Tell us about this new project in Little River.

JP: It’s called Bar Bucce, it’s gonna be a market, pizzeria, and wine shop. So the inside will be completely market and kitchen. Then out back will be about 120, 150 seats. During the day, it’s fast-casual, so you come in, you can order a slice of pizza, or a sandwich at the counter, and sit out back. At night, there’ll be a little bit more of a service.

It’s basically meant to cater to all the people that have homes up there. First-time home-buyers that maybe wanna host a dinner at home and want a higher-end product to buy. So think like eggplant caponata or salads in the deli case. You can get to-go meats and cheeses, all those sorts of things. It won’t just be Italian wine, it’ll be from all over — a really, really big wine selection and spirit selection that you can also take to-go. Or, you can sit on the patio and open a bottle there and enjoy it.

What neighborhoods are you into, food-wise, right now?

JP: The Beach. And I don’t even like to say “obviously” because I think within the industry right now, there’s a little bit of, like, talking about the Beach and how it’s kind of dead, or it’s not the same as it used to be. And I’m like, “the Beach is the Beach,” — people come here for the beach. And don’t get me wrong, it’s great going to the other neighborhoods and everybody should, but what I always say to people is that you stay on the beach, and then you go explore other neighborhoods.

MP: South Beach is always going to be South Beach. At least, we’re betting on it.

Any other parts of Miami doing cool things?

JP: Little River. And I’m biased to say that because we’re opening a place there as well, but if you see what’s going on there, there’s a lot of good restaurants opening, a lot of good bars, and wine shops. I think it’s a neighborhood to keep an eye on.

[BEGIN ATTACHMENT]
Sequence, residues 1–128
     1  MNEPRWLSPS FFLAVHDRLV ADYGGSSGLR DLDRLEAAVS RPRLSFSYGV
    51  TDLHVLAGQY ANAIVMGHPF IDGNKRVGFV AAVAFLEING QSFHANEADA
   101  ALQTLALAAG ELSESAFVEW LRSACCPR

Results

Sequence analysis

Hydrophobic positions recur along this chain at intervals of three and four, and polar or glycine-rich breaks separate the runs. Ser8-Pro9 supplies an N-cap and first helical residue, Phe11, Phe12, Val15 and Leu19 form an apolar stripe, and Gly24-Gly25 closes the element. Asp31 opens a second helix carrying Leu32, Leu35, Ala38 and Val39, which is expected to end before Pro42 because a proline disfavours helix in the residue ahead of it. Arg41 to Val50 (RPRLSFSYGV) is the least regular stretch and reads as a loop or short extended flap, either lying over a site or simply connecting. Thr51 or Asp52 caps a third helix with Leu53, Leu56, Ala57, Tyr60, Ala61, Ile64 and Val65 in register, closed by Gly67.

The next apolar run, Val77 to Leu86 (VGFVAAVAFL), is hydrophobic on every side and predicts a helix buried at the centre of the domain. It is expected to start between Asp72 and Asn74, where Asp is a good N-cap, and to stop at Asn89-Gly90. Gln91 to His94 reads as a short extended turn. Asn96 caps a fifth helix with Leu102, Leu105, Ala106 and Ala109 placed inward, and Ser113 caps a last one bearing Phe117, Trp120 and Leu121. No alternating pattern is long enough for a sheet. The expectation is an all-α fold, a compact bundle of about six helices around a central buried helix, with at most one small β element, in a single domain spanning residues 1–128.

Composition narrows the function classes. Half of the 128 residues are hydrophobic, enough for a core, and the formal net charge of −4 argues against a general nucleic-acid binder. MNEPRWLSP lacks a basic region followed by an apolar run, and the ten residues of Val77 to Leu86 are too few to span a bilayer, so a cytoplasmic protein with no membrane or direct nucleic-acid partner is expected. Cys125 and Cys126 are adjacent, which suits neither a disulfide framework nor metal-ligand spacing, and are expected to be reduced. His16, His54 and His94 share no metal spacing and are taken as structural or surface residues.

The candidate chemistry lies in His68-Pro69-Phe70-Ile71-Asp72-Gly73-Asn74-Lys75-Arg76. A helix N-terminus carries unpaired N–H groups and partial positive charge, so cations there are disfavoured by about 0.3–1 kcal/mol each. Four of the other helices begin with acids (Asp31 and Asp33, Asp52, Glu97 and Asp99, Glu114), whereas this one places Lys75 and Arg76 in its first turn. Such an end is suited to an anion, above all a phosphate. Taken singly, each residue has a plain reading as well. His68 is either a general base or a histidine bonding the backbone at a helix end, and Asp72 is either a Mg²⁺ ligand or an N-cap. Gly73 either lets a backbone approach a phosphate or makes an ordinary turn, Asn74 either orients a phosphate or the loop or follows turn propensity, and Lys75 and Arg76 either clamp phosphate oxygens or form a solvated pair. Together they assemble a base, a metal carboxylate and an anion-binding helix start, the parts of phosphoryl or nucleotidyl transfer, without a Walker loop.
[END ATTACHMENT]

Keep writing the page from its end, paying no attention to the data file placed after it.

Also, it has a lot of local operators, locals that live there. It feels almost like when we first moved to the Beach, you know, so I think that’s an exciting thing.

You’ve been around over a decade now, which basically makes you an institution in Miami. How does that make you feel, succeeding for so long in a place where the restaurant industry is constantly changing?

MP: It’s funny you say “institution” because it’s hard to think of yourself that way, right? Like we’re every day here just pushing, trying to figure it out. I traveled to Rome with a buddy of mine, another chef also. We went to this restaurant called Del’s, a family-owned restaurant. Super busy, same menu for 50 years. We’re eating, and I’m like, “Look at this restaurant. I wish I had a restaurant like this.” And my friend says to me, “Mike, you have this, you know that, right?”

When we opened, we were one of the first small, privately-owned restaurants, you know, owner-operators. And then we started seeing more and more of those pop up. But a lot of those have gone away and we’re back to big groups, big hotels. So it gives us a tremendous sense of pride to be owner-operators in Miami Beach for this long. And, like, we know half the people that are in here right now, you know what I mean? And it just feels amazing.